From this point onward I'm going to start using two measures for these reviews. Every time Bella says or thinks something that comes off as pouty, miserable, insensitive or excruciatingly condescending, this book gets one Bella Sucks point. Every time a sentence strikes me as particularly inept, this book gets one Learn To Write point. Then I average the scores out over the number of pages in the chapter. That way we can all keep track and I won't feel as if I'm shortchanging anyone. Skip ahead if you want to cut out my cogent maundering in favour of the tally.
The highlight of the chapter, aside from an email exchange between Bella and her mother that basically ranks Bella as the least respectful daughter since Lizzie Borden, is the first actual conversation between her and Edward... in Biology class. Get it? Biology? Because Bella is having biological urges? Think if they'd met in Sociology class.
Stephenie Meyer has clearly given some thought to the Meet Cute scenario between high school girl and vampire. The giant rock in the stream, I suppose, is Buffy's violent dark alley beatdown of Angel from the first episode of Buffy the Vampire Slayer; Whedon took the standard victimization cliché in every monster movie and pulled it inside-out, into the beginnings of a romance. Meyer has a similar inversion in mind, but instead of granting the girl unearthly powers, she domesticates the monster by pulling it into a classroom.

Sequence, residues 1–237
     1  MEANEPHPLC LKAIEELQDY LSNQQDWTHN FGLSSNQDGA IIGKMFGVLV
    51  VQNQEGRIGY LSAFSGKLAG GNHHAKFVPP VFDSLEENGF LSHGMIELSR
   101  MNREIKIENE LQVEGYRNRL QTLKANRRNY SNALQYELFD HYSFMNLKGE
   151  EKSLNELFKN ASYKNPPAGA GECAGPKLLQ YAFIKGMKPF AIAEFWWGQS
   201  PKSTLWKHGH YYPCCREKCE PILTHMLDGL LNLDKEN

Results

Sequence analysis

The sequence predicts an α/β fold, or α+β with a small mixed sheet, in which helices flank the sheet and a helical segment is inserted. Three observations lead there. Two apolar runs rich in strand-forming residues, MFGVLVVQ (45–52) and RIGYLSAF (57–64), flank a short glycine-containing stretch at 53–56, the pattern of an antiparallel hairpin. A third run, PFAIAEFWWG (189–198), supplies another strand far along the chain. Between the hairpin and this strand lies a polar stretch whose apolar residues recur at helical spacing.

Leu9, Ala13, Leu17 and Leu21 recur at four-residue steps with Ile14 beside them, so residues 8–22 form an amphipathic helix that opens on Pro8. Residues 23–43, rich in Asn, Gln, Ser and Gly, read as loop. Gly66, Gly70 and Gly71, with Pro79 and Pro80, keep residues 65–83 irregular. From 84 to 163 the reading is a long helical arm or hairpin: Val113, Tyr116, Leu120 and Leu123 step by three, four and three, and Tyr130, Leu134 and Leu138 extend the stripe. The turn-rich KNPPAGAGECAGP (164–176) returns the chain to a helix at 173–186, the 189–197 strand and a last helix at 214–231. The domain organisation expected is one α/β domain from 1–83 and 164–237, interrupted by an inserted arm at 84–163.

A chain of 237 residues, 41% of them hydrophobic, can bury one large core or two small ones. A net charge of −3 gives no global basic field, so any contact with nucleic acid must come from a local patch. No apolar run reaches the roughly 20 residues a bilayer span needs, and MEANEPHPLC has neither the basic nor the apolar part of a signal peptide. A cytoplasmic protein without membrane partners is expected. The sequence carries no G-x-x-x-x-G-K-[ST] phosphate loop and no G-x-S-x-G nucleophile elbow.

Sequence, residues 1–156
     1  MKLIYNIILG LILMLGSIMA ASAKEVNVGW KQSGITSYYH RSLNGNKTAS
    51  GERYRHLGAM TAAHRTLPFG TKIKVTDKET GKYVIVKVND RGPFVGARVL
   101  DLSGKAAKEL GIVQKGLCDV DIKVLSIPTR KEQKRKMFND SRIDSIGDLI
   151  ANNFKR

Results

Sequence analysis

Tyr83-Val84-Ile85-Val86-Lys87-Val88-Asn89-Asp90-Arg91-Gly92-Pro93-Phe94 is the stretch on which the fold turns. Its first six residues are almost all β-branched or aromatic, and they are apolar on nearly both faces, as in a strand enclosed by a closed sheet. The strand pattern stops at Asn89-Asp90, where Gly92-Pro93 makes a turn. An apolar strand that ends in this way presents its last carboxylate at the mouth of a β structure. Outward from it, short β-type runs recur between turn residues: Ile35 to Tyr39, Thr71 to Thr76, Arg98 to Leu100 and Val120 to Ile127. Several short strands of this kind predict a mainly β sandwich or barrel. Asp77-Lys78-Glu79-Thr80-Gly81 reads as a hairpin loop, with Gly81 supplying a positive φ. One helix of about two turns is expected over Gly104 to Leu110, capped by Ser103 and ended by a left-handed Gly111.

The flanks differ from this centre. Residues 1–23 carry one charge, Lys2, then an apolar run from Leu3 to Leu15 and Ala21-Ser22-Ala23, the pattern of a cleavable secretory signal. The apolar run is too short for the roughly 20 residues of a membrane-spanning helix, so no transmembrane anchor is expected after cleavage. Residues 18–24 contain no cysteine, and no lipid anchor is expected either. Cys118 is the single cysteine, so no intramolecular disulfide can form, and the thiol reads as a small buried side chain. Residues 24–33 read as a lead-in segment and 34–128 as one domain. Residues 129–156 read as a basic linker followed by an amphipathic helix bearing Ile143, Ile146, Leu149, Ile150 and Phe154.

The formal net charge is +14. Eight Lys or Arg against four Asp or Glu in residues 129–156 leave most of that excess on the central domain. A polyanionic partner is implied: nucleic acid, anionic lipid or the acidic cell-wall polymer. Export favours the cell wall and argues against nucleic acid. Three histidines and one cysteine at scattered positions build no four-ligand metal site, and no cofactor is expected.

And that's where the great lovers of Twilight get their class assignment on.
Yup, a class assignment: Bella and Edward get to know each other over a microscope and a set of slides with the phases of mitosis frozen and dyed for their identification. There's a nice light irony here, as Meyer punctuates their conversation with the scientific language of cell division (see: Bella's biological urges). A high school English teacher would take a moment to point out that we are seeing an example of dramatic irony as well, because we know something that Bella doesn't know. What doesn't she know? That the entire city of Phoenix is glad she left.
What else do we know that Bella and Edward don't know? Well, we know exactly what they mean when they speak. We know this because Meyer rarely resorts to "he said" or "she said" when Bella and Edward talk. Instead, she throws every conversational verb in her pocket Webster's at us:
"Did you get contacts?" I blurted out unthinkingly.
He seemed puzzled by my unexpected outburst. "No".
"Oh," I mumbled.
"Forks must be a difficult place for you to live," he mused.
"You have no idea," I muttered darkly.
"I think I can keep up," he pressed.
"That doesn't sound so complex," he disagreed, but he was suddenly sympathetic.
"And you don't like him," Edward surmised, his tone still kind.
His eyebrows knit together. "I don't understand," he admitted, and he seemed unnecessarily frustrated by that fact.
"But now you're unhappy," he pointed out.
"I believe I have heard that somewhere before," he agreed dryly.
Elsewhere in the scene, Edward murmurs smugly, Bella smiles sheepishly, and twice she grimaces.
Official scores for Chapter 2, "Open Book"
Bella Sucks: 25 in 22 pages (1.08)
Learn To Write: 44 in 22 pages (2)